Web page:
Skip to main content
Woman in red on laptop
Main content

U.S. language education lags, though its importance continues to grow

Two children sitting at a table, looking at a small globe.
Getty Images

In a study recently published by the Pew Research Center, data show that while in the United States about 20% of K-12 students are studying a foreign language, in Europe that statistic is a whopping 92%. While the figures vary widely across Europe, over half of primary and secondary school students in each country surveyed are taught another language in school: from 64% in Belgium to 100% in Liechtenstein, Luxembourg, Malta, Norway, Austria, Romania, and France.

In the U.S., the number of students studying a foreign language varies widely from state to state: “New Jersey (51%) has the most students studying a language, followed by the District of Columbia (47%) and Wisconsin (36%). However, the vast majority of states have less than 25% participation, with only 9% of students studying a foreign language in New Mexico, Arizona and Arkansas.”

The main reason for this difference between European and U.S. language education is policy: there is no mandate for foreign language education in the United States, whereas over 20 countries across Europe require students to learn at least one, if not two languages. Language education, and education policy in general, is determined on a state level in the U.S., and often can even vary at local levels. Many school districts don’t start teaching a language until students have reached high school, even though research has shown that the younger a student begins learning a language, the greater the chance they will master it. While 93% of high schools across the country offer foreign languages to their students, in 2008 only 58% of middle schools and 25% of elementary schools had the option. And it’s a mixed bag on states requiring foreign language study, not just offering it: “Ten states and the District of Columbia have foreign language graduation requirements for high school students, 24 states have graduation requirements that can be met either with foreign language classes or other non-language coursework, and 16 states have no graduation guidelines concerning foreign language education.”

Another factor in language education and mastery? Whether or not the student speaks the dominant language at home. Pew found that in the EU, sizable minorities speak a language other than the national language in the home: in Ukraine, 44% speak Russian at home, while in Bulgaria, 14% speak Turkish and 6% speak Romani. The importance of speaking a different language at home is even seen here in the United States: for those who said they speak another language “very well,” “89% acquired these skills in the childhood home, compared with 7% citing school as their main setting for language acquisition.”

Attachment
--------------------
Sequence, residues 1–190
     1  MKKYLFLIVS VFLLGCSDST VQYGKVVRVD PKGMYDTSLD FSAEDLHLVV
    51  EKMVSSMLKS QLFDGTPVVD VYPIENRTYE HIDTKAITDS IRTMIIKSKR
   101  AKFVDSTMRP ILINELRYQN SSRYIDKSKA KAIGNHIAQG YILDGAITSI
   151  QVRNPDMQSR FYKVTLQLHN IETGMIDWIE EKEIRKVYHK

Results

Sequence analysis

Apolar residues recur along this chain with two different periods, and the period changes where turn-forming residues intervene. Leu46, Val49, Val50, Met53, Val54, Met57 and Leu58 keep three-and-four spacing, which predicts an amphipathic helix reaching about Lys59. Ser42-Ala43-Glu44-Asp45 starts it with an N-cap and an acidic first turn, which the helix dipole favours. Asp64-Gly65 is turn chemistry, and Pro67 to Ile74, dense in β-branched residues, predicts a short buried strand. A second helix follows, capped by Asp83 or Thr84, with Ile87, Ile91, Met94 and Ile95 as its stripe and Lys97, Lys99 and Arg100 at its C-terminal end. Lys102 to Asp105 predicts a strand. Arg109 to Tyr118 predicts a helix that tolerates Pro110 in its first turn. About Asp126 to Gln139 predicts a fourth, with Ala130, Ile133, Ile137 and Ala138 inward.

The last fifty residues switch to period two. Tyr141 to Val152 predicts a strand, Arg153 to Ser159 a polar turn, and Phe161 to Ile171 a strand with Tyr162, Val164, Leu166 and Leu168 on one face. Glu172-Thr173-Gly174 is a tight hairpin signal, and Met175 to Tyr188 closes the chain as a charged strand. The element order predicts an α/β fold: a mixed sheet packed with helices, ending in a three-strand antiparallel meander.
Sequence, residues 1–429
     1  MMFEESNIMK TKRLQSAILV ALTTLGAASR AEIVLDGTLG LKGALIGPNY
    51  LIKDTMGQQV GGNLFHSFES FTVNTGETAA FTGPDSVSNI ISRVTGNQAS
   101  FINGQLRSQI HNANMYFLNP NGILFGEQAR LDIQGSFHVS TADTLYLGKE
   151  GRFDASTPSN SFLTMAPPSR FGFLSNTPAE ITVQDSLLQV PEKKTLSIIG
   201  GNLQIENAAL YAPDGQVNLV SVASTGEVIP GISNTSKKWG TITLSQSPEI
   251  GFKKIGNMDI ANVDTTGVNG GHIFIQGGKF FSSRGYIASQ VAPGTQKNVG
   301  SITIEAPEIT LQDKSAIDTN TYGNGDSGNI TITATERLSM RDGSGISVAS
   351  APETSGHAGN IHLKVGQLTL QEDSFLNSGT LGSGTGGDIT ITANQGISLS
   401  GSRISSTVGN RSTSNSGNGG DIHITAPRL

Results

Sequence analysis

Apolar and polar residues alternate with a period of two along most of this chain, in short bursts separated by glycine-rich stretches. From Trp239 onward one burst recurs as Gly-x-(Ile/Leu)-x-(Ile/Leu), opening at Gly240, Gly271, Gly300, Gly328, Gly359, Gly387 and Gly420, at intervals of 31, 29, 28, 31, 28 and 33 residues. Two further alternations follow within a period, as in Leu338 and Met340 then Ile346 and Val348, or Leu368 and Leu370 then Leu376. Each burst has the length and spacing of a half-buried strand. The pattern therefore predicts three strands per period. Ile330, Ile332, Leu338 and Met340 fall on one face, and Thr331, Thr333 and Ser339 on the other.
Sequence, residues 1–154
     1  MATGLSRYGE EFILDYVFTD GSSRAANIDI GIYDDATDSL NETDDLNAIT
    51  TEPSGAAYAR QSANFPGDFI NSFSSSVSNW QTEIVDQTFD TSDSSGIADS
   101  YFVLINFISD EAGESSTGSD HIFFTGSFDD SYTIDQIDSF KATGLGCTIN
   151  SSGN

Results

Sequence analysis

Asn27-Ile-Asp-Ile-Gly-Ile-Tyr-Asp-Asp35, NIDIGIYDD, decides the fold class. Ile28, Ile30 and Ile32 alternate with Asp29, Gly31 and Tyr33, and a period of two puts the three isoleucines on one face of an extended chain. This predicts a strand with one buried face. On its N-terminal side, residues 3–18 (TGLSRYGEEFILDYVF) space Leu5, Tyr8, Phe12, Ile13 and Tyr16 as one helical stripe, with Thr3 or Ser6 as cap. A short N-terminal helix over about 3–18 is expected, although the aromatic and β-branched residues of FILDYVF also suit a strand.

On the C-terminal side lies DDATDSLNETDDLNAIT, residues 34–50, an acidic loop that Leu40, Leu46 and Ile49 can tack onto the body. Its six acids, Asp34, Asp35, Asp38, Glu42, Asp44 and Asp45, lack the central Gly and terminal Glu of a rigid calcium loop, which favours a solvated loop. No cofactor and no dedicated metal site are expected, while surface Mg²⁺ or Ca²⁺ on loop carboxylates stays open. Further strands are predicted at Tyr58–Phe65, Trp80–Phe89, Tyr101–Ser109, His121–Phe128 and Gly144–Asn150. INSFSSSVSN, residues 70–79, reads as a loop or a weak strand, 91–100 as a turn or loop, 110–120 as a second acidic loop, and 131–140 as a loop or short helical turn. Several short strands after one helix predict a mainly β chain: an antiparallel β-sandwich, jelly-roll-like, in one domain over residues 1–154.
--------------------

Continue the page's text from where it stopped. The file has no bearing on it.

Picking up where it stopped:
As the world becomes more interconnected, and cross-cultural communication skills become more highly valued, there continues to be a push for more language education across the United States. The Department of Education noted last year that in a survey of managers and human resources professionals, “a third of the survey respondents reported that their needs for foreign language skills were not being met by current employees.” However, even if students are not given the chance to learn another language growing up, that doesn’t mean they can’t gain cross-cultural communication and competence skills that help them contribute to global problem-solving and team-building. Just as companies are searching for foreign language skills, so too do they seek out employees that have skills in “global and cultural awareness, critical thinking, problem solving, collaboration, creativity, and leadership.”

The most recent International Education Week, an annual event hosted by the Department of State and Department of Education, featured a panel entitled Leveraging a Global Mindset for Business Growth: Preparing Talent to Serve U.S. Industry Needs. The panel focused on the cross-cultural competence needs of businesses in today’s global economy, and identified ways that schools at both the K-12 and collegiate levels can better educate and train students to handle global challenges and interact effectively across cultures.

Ready to put your own cross-cultural competence skills to the test? Check out CultureReady Basics right here on CultureReady.org, offered in seven languages including English, to expand your own understanding of the world around you.


Learn more:

A green, tree-filled park with a tall, two-story pagoda in the middle.